Love letters to my dead wife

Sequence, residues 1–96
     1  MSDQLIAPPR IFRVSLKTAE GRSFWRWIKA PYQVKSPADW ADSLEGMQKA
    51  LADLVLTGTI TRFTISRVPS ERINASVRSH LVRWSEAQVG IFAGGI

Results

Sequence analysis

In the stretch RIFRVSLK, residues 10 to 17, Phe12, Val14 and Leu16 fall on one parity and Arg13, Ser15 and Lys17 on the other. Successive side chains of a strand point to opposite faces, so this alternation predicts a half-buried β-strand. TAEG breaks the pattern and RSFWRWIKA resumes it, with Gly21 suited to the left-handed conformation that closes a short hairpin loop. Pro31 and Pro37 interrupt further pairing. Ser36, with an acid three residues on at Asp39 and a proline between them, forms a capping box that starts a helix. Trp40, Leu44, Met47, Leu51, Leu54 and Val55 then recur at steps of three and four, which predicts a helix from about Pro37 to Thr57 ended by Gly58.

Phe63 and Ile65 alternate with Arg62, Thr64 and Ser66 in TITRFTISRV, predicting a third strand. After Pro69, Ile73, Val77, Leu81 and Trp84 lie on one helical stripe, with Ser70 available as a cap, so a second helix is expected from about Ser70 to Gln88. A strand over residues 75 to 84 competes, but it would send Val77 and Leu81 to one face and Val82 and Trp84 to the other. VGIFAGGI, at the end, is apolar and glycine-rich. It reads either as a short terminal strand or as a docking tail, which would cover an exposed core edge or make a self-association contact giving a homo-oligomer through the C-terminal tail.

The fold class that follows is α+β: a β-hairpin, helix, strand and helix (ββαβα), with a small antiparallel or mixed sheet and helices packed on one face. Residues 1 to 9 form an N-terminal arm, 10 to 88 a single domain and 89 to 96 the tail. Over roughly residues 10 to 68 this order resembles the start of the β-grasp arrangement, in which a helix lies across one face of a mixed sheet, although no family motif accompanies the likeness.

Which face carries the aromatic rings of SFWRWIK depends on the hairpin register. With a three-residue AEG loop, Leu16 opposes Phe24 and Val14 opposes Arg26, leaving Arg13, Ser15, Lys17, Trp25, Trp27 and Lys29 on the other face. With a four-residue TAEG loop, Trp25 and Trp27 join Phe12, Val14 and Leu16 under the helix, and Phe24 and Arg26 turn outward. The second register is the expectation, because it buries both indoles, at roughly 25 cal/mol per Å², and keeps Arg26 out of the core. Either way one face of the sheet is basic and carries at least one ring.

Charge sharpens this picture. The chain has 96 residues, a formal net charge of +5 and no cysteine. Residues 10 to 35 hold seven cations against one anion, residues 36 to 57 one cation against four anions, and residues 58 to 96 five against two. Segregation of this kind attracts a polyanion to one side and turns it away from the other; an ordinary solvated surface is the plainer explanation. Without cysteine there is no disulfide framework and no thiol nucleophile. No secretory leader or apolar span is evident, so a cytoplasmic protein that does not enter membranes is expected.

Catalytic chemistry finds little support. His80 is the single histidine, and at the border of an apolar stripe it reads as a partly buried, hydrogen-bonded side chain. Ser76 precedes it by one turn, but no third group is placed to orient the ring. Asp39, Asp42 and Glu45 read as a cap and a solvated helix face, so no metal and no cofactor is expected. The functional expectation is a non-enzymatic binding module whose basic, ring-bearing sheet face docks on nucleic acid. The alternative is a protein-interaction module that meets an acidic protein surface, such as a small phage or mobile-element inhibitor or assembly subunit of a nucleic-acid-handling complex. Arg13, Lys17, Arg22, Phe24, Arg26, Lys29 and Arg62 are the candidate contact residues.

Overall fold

Mr Greene and his wife were a normal couple – a couple unfortunate enough not to bear a child for four years after marriage. The fifth-year of persistent trial and faith was the couple’s breakthrough year, Mrs Greene finally got pregnant of a girl child –just as Mr Green had wished. A day after the baby was born, Mr Greene was unable to separate himself from his baby. He spent over 2 hours just gazing into her crib as she slept peacefully. While gazing at his sleepy daughter, he caught sight of a very strange phenomenon: after the new-born opened her eyes, she looked straight up and her eyes kept moving from the ceiling to her dad’s face. With a smiling face, the father called her name, expecting her to turn her head and focus on him, but she didn’t. The kid acted as if her dad didn’t exist. This was strange to Mr Greene, so he picked up a little toy that was meant to produce sound when shaken and started vibrating it to have his baby’s attention – but her eyes still didn’t move. Mr Greene’s heart began to beat rapidly, he rushed to their bedroom and shouted: “Honey, she doesn’t seem to respond to noise at all and it’s as if she can’t hear.” The wife without a second thought replied: “I’m sure she’s all right“. They both went to the daughter’s crib and tried calling the baby’s name, jingling bells and clapping their hands but the baby didn’t respond. The wife picked up the baby, and she immediately clung on her, wiggling and cooing. “My God, she’s deaf” the father exclaimed. “No, she’s not, I mean, it’s too soon to say a thing like that. Look, she’s brand-new. Her eyes don’t even focus yet.” The mother tried explaining. “But there wasn’t the slightest movement, even when you clapped as hard as you could.” The dad kept on indicating. The atmosphere in the house changed from joy & laughter to fear & quasi-despair. The mother placed the baby back on her crib, went to their little library and took the baby book she had bought to read about what just happened. The book said “don’t be alarmed if your new-born fails to startle at loud noises or fails to orient toward the sound. The startle reflex and attention to sound often take some time to develop. Your paediatrician can test your child’s hearing neurologically.’ The wife looked at her husband and asked him if it made him feel better. “Not much,” the father replied. He added that “It doesn’t even mention the other possibility, that the baby is deaf. And all I know is that my baby doesn’t hear a thing. I’ve got the worst feeling about this. Maybe it’s because my grandfather was deaf. If that beautiful baby is deaf and it’s my fault, I’ll never forgive myself.” The wife was so confused at that point and insisted; “We’ll call the paediatrician first thing on Monday. In the meantime, cheer up. Here, hold the baby while I fix her blanket. It’s all pulled out.” The father held the baby but gave her back to his wife as soon as he could. All weekend he found himself unable to open his briefcase and prepare for next week’s work. He followed his wife around the house, ruminating about the baby’s hearing and about the way deafness would ruin her life. He imagined only the worst, no hearing, no development of language, his beautiful girl was going to be cut off from the social world and locked in soundless isolation.